The shiny snail perched atop the entrance to restaurant L’Escargot Montorgueil at number 38 is an iconic image.
But it’s not the only enduring attraction along this historic market street in the center of Paris. Pâtisserie Stohrer at 51, rue Montorgueil claims to be the oldest pastry shop in Paris. Their storefront has been on this street since 1730. The éclairs, cakes, and tarts stand out as among the best in the classic tradition. Nicolas Stohrer may have invented baba au rhum while working for King Stanislas of Poland. When the deposed king’s daughter Marie Leszczynska married Louis XV, Stohrer followed her to make pastries for the French court in Versailles. Several years later he opened this shop along rue Montogueil to sell his famous delicacies to the broader population.
Numerous cafés, boulangeries, produce stalls, fish and shellfish vendors, and other businesses give residents and travelers plenty of reason to visit rue Montorgueil. Boulangerie Paul, Eric Kayser, Maison Collet, Le Palais du Fruit, Poissonnerie Soguisa are just a few of the many popular shopping stops. Au Rocher de Cancale at 78, rue Montorgueil has been serving oysters to generations of Parisians. In the days of Honoré de Balzac and Alexandre Dumas, it was the fashionable place to be seen after the opera. These days, I like to linger at café Jet Lag or any of the other cafés with outdoor seating while enjoying the parade of Parisians and visitors flowing past. Any café along this street makes an ideal perch for people-watching. Claude Monet depicted this street with flags fluttering during the Festival of 30 June 1878 in a celebrated painting that’s now part of the Musée d’Orsay collection.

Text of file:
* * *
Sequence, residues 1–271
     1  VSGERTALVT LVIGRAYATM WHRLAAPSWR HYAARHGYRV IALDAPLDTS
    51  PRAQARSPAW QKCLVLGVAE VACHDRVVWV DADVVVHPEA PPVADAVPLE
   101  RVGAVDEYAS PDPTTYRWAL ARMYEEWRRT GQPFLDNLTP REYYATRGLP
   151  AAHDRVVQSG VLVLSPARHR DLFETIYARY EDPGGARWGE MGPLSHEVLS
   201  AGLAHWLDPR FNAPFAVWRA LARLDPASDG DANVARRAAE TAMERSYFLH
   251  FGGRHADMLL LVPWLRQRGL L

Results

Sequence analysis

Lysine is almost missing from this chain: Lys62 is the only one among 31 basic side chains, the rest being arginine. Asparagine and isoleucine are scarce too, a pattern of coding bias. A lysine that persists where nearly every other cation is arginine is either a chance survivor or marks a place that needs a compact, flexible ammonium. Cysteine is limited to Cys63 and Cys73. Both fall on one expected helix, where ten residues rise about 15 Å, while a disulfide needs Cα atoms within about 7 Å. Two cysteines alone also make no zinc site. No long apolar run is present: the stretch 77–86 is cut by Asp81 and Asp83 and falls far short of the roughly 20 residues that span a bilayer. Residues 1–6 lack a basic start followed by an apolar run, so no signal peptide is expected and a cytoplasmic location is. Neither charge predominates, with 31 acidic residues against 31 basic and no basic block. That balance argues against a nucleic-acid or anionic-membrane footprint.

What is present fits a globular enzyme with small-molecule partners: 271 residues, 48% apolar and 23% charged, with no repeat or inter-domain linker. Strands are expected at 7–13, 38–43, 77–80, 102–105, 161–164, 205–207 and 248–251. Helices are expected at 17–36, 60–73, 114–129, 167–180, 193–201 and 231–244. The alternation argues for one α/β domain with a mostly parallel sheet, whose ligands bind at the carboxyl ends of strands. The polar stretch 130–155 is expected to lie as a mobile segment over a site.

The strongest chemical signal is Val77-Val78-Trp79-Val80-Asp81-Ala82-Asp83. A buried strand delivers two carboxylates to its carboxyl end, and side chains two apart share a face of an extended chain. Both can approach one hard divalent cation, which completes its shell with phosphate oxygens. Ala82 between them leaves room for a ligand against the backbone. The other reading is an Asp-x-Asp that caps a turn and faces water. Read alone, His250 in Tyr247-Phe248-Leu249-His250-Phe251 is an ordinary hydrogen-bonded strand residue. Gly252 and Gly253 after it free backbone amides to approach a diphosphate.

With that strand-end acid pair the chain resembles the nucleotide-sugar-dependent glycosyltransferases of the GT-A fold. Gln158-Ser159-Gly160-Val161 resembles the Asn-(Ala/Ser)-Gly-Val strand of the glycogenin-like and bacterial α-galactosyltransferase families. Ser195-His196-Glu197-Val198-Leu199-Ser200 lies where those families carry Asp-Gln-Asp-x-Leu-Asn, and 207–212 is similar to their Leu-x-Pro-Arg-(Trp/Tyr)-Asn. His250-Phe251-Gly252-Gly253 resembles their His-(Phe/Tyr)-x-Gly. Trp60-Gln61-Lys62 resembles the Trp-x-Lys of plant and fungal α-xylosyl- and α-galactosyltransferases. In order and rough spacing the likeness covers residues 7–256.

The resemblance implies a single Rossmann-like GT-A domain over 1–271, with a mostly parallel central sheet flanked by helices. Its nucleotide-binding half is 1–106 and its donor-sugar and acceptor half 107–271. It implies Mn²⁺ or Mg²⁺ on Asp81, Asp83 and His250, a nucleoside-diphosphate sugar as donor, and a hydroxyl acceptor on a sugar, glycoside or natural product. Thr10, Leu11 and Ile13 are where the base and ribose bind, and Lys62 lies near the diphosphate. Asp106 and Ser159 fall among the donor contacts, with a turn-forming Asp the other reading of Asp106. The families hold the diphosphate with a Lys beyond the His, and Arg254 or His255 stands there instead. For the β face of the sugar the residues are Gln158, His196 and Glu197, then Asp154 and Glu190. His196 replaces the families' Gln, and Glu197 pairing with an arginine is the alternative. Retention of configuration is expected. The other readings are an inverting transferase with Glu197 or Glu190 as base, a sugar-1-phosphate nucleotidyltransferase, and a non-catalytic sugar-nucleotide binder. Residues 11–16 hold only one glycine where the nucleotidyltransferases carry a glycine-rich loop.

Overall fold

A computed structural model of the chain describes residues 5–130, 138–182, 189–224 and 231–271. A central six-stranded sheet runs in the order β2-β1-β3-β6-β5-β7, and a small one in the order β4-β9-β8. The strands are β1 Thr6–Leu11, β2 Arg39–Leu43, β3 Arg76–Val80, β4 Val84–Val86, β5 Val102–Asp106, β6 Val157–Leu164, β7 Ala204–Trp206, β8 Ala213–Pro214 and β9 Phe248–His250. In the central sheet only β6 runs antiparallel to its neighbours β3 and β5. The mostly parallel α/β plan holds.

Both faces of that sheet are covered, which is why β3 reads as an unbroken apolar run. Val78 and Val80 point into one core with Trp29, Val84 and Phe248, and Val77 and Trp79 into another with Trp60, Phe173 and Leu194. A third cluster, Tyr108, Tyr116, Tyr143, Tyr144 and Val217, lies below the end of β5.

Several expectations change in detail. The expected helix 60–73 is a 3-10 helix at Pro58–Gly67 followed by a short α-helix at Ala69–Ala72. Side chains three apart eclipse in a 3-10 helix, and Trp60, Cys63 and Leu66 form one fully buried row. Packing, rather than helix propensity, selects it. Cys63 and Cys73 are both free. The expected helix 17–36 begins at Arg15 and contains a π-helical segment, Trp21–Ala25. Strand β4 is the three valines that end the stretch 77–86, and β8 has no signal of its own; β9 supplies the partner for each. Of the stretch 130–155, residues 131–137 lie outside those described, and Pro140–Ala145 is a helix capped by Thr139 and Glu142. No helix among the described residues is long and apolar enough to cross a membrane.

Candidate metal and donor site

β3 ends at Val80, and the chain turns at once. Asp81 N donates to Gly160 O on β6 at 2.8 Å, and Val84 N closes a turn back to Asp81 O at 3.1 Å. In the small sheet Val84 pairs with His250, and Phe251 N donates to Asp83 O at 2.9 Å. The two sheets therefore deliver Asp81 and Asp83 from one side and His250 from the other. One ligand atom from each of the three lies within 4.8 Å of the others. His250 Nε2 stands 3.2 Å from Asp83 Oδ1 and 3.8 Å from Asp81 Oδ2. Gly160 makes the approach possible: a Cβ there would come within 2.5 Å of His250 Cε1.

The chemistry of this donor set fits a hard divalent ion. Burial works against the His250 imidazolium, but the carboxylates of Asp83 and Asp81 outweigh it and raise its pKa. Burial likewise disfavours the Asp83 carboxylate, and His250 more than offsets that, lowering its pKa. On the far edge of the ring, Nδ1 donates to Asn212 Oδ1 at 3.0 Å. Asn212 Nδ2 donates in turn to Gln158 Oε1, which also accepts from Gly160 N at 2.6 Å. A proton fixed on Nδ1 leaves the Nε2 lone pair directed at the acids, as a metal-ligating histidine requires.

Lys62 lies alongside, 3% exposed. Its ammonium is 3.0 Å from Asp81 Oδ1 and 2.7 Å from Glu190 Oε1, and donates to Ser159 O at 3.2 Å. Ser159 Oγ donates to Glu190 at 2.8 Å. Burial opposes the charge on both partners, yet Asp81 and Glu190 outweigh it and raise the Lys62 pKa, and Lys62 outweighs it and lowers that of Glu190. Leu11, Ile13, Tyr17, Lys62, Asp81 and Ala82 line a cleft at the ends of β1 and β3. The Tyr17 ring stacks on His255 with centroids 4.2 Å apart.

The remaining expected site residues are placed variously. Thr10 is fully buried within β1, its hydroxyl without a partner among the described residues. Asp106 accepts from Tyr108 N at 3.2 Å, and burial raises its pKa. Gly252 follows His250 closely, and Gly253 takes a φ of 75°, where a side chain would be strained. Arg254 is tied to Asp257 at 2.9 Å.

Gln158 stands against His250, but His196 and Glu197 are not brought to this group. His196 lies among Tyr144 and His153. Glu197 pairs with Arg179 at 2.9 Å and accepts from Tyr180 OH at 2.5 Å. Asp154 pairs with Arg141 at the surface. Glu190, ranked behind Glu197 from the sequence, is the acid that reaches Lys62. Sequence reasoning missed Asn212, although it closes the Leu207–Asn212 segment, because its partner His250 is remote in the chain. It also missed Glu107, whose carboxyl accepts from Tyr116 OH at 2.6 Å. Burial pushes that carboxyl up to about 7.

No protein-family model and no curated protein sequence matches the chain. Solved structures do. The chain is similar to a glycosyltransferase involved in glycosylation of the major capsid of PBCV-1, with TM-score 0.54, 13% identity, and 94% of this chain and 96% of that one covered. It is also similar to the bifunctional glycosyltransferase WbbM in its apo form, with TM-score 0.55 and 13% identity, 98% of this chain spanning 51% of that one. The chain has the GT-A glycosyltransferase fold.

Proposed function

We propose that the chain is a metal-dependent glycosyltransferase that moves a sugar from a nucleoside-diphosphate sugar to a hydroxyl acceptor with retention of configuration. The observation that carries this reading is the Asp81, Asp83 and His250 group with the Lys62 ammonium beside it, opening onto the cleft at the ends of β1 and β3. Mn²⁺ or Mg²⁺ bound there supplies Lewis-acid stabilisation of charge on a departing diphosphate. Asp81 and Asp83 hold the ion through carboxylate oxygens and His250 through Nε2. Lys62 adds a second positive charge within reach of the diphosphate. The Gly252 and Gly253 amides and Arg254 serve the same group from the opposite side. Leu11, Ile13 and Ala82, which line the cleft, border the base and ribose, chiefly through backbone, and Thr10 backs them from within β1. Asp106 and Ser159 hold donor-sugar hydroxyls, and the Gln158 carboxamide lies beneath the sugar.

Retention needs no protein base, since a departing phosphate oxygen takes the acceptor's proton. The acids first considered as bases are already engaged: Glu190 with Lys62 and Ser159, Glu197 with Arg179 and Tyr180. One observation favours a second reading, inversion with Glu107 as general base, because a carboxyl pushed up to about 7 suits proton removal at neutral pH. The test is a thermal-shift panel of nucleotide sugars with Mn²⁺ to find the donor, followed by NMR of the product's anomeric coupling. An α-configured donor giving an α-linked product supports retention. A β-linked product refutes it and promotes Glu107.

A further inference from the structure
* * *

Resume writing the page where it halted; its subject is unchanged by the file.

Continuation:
La rue Montorgueil, from Rue de Turbigo to rue Réaumur, 2nd arr
closest Métro stops: Les Halles, Étienne Marcel, Sentier
Tuesday to Saturday 10am to 6pm; Sunday morning
(See pp. 35-36 in Markets of Paris, 2nd ed.)
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